What to Know About Arrest Warrants

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What to Know About Arrest Warrants

28 January 2019
 Categories: Law, Blog

In common terms, if you have a warrant out for your arrest, you will need the assistance of a criminal defense attorney. Arrest warrants are not handed out without good reasons, and turning yourself in after speaking with your attorney can help prevent further charges and problems. This issue can be complex, so read on to find out what it means to have a warrant with your name on it and how it might have come about.

Strong Criminal Suspicions

Law enforcement must have arrest warrants approved by a judge, and they must be prepared to explain the reason for the warrant. Law enforcement personnel cover this task by completing what is known as an affidavit. The affidavit lists the facts of the case and begins by identifying the person they are seeking to arrest. In all cases, the affidavit must be detailed and factual when explaining the reasoning behind the need for the warrant.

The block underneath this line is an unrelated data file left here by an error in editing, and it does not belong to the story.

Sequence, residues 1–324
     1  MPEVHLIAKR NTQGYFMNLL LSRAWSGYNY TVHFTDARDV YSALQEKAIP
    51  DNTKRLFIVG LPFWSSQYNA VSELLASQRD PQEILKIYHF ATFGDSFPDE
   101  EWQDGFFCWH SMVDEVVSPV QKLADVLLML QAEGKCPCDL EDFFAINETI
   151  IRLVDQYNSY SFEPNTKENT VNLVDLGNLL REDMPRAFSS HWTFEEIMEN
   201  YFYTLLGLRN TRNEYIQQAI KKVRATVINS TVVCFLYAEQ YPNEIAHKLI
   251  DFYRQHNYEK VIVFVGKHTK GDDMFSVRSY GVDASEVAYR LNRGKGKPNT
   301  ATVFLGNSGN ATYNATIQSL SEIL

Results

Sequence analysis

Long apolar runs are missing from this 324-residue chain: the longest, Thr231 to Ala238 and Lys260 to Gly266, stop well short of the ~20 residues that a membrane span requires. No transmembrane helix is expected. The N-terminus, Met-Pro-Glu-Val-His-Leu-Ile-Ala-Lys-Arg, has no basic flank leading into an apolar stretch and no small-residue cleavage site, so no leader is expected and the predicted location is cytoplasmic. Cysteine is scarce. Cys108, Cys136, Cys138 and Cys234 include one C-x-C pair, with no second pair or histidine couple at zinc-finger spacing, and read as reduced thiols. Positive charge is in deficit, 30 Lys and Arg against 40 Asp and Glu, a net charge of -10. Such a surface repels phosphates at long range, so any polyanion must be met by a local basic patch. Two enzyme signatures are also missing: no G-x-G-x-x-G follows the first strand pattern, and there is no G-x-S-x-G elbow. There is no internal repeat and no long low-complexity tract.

For example, the affidavit requesting a warrant might read, "Jane Doe is suspected of robbing the First State Bank on March 1, 2019, at 9 AM." The key component of the affidavit is probable cause. In this case, probable cause to warrant the arrest might be eye-witness descriptions of Jane Doe, a photo of the license plate on the getaway vehicle that leads to Jane Doe's address, video surveillance, etc. While the affidavit is detailed and specific, it is not necessary for law enforcement to list each and every crime Jane Doe might be eventually accused of committing.

Bench Warrants

The second method of warrants being issued by a judge is a bench warrant. When someone is arrested and accused of a crime, they may be released on bail or on their own recognizance. Taking this route to get out of jail means that the accused pledges to return to face the judge on the appointed date. When they fail to do so, the judge issues a warrant from the bench immediately. The accused has now violated the terms of the bail or the own recognizance release and an entirely new charge has been added to the original complaint: failure to appear. Unless you can come up with a very strong excuse for missing your court date, you will face arrest and additional penalties and you will have to wait in jail for your new court dates.

Speak to a criminal law attorney about your arrest to learn more.